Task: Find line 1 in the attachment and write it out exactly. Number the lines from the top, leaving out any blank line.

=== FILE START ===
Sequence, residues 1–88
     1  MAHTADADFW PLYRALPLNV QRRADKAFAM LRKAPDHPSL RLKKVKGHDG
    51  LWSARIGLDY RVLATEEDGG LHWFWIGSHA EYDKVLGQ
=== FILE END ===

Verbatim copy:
Sequence, residues 1–88